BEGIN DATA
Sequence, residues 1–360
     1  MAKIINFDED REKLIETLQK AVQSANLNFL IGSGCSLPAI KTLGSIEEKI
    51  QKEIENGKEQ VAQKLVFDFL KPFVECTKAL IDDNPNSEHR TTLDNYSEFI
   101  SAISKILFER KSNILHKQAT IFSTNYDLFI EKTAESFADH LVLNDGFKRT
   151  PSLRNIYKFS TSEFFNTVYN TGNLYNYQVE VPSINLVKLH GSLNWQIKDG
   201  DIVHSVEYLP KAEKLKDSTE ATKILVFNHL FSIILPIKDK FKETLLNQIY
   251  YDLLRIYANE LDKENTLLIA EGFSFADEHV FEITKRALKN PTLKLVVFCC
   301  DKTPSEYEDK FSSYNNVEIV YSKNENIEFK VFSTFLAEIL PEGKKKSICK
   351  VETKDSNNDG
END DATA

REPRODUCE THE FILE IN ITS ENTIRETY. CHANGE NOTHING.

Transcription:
Sequence, residues 1–360
     1  MAKIINFDED REKLIETLQK AVQSANLNFL IGSGCSLPAI KTLGSIEEKI
    51  QKEIENGKEQ VAQKLVFDFL KPFVECTKAL IDDNPNSEHR TTLDNYSEFI
   101  SAISKILFER KSNILHKQAT IFSTNYDLFI EKTAESFADH LVLNDGFKRT
   151  PSLRNIYKFS TSEFFNTVYN TGNLYNYQVE VPSINLVKLH GSLNWQIKDG
   201  DIVHSVEYLP KAEKLKDSTE ATKILVFNHL FSIILPIKDK FKETLLNQIY
   251  YDLLRIYANE LDKENTLLIA EGFSFADEHV FEITKRALKN PTLKLVVFCC
   301  DKTPSEYEDK FSSYNNVEIV YSKNENIEFK VFSTFLAEIL PEGKKKSICK
   351  VETKDSNNDG